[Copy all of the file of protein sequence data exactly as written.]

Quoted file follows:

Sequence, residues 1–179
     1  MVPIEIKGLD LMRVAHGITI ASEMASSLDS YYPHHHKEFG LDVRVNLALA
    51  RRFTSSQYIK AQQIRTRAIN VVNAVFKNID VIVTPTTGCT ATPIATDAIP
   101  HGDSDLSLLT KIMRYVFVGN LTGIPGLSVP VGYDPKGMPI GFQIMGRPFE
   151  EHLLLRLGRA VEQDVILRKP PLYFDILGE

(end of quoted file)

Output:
Sequence, residues 1–179
     1  MVPIEIKGLD LMRVAHGITI ASEMASSLDS YYPHHHKEFG LDVRVNLALA
    51  RRFTSSQYIK AQQIRTRAIN VVNAVFKNID VIVTPTTGCT ATPIATDAIP
   101  HGDSDLSLLT KIMRYVFVGN LTGIPGLSVP VGYDPKGMPI GFQIMGRPFE
   151  EHLLLRLGRA VEQDVILRKP PLYFDILGE